Below is a list of in-print works in this collection, presented in series order or publication order as applicable.Sort by title, author, format, publication date, or price » Sort by title, author, format, publication date, or price »
Below is a list of in-print works in this collection, presented in series order or publication order as applicable.Sort by title, author, format, publication date, or price »
This is the first book in English to analyze the Chinese literary scene during the post-Mao thaw in government control. The seven contributors originally presented their research at a 1982 international conference at St. John’s University, New York.
The recent flood of reminiscence literature in China has reserved a special place of prominence for Ai Ssu-ch’i. This is not only because he was so admired by Mao, but also because he devoted his life so enthusiastically and wholeheartedly to the Party. Joshua Fogel traces the pattern of this devotion via Ai’s crucial role in spreading Marxist-Leninist thought among Chinese intellectuals.
Along with the political and economic reforms that have characterized the post-Mao era in China there has been a potentially revolutionary change in Chinese science and technology. Here sixteen scholars examine various facets of the current science and technology scene, comparing it with the past and speculating about future trends.
What do Chinese literature and film inspired by the Cultural Revolution (1966–1976) have in common with media of the May Fourth movement (1918–1930)? This book demonstrates several shared aims: to liberate narrative arts from aesthetic orthodoxies, to draw on foreign sources for inspiration, and to free individuals from social conformity.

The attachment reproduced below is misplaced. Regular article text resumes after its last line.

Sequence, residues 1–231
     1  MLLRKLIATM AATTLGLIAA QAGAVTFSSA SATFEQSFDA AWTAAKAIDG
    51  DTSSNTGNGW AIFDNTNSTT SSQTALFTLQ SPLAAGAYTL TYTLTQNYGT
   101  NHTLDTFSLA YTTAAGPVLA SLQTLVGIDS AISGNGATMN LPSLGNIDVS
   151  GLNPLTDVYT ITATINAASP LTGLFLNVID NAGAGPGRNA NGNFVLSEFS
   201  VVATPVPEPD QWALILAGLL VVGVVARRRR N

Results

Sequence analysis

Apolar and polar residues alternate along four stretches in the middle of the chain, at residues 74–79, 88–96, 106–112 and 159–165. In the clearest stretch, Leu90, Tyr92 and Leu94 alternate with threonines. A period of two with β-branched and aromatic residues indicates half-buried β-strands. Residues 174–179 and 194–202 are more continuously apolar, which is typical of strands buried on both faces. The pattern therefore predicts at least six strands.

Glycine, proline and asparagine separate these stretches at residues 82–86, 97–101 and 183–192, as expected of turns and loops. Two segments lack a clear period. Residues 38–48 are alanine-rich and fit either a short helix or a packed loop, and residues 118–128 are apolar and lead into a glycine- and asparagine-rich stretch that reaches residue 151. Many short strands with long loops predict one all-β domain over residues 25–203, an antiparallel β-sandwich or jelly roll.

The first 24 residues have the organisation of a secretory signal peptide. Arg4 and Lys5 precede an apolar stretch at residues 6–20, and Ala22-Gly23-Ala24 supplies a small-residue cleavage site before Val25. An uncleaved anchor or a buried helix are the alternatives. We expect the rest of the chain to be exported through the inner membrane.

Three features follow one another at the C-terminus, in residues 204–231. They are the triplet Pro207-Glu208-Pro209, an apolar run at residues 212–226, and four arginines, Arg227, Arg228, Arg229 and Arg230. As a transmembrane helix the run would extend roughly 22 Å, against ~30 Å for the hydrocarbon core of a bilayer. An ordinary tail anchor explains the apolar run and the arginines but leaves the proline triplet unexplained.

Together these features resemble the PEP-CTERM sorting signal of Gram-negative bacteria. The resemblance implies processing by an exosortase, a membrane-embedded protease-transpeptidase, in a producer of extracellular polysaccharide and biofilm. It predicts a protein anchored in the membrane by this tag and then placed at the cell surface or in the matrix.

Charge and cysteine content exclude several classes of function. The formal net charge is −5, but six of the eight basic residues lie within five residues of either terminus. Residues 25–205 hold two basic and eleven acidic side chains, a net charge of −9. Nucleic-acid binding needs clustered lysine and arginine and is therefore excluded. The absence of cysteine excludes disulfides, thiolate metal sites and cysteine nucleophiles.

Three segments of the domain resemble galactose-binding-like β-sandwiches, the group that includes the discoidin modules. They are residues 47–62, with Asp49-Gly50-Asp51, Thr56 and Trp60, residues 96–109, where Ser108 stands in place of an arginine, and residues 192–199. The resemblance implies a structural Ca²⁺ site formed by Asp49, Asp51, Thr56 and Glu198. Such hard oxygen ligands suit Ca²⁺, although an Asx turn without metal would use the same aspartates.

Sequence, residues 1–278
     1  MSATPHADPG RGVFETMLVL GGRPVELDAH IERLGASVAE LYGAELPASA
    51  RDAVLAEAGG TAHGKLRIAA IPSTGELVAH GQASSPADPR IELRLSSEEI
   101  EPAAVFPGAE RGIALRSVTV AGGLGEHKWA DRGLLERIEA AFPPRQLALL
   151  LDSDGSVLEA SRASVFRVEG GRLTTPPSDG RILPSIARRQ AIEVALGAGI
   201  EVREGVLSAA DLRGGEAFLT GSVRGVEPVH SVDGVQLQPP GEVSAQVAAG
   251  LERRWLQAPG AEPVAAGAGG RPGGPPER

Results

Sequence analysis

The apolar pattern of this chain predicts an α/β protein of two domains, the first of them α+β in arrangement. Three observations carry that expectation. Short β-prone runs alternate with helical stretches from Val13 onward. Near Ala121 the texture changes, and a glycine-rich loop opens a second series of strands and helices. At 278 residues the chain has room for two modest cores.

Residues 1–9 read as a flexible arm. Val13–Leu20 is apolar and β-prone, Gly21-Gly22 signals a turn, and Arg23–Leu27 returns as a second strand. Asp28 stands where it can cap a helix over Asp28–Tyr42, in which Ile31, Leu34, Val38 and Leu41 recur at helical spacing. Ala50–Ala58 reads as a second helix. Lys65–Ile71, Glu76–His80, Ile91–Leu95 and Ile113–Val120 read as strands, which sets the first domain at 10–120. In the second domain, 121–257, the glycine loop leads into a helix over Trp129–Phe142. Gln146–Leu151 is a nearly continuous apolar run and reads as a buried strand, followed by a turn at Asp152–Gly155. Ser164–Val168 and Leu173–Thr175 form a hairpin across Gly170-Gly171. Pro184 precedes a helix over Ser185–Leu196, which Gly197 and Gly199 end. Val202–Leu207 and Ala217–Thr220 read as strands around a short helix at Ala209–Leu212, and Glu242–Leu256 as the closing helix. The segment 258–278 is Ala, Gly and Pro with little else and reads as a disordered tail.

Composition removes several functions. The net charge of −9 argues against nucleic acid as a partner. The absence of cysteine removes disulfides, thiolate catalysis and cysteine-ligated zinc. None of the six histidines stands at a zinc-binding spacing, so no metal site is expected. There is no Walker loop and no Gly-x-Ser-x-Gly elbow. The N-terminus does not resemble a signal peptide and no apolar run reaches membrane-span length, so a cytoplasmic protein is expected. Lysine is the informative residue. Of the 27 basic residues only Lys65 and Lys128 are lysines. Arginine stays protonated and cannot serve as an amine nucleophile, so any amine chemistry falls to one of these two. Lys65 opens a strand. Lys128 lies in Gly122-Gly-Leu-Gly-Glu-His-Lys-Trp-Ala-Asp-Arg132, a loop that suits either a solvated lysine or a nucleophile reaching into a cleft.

This first significant collection of essays on women in China in more than two decades captures a pivotal moment in a cross-cultural—and interdisciplinary—dialogue. For the first time, the voices of China-based scholars are heard alongside scholars positioned in the United States.
Zouping offers important general lessons for the study of China’s rural transformation. The authors in this volume, all participants in a unique field research project undertaken from 1988 to 1992, address questions concerning the role of local governments as economic actors, market reform, and inequality.
China’s move to an open market economy ended the political chaos and economic stagnation of the Cultural Revolution and sparked an unprecedented economic boom. Yet this success came at the cost of a weakening central government, increasing inequalities, and fragmenting society. The essays here explore this contradiction.
This collection of essays addresses the meaning and practice of political citizenship in China over the past century, raising the question of whether reform initiatives in citizenship imply movement toward increased democratization.
Observers often note the glaring contrast between China’s economic progress and its stalled political reforms. This volume, written by experienced scholars, explores a range of grassroots efforts—initiated by the state and society alike—to restrain corrupt behavior and enhance the accountability of local authorities.
Unrest in China, from the dramatic events of 1989 to more recent stirrings, offers a rare opportunity to consider how popular contention unfolds in places where speech and assembly are tightly controlled. The contributors to this volume argue that ideas inspired by social movements elsewhere can help explain popular protest in China.
This timely and important collection of original essays analyzes China’s foremost social cleavage: the rural–urban gap. The contributors, many of whom conducted extensive fieldwork, examine the historical background of rural–urban relations; aspects of inequality apart from income (access to education and medical care, the digital divide, housing quality and location); experiences of discrimination, particularly among urban migrants; and conceptual and policy debates in China regarding the status and treatment of rural residents and urban migrants.
Observers have been predicting the demise of China’s Communist state since Mao’s death. Yet policymakers have managed the fastest sustained economic expansion in world history. This book shows that many contemporary techniques of governance have their roots in experimental policy generation and implementation dating to the revolution and early PRC.
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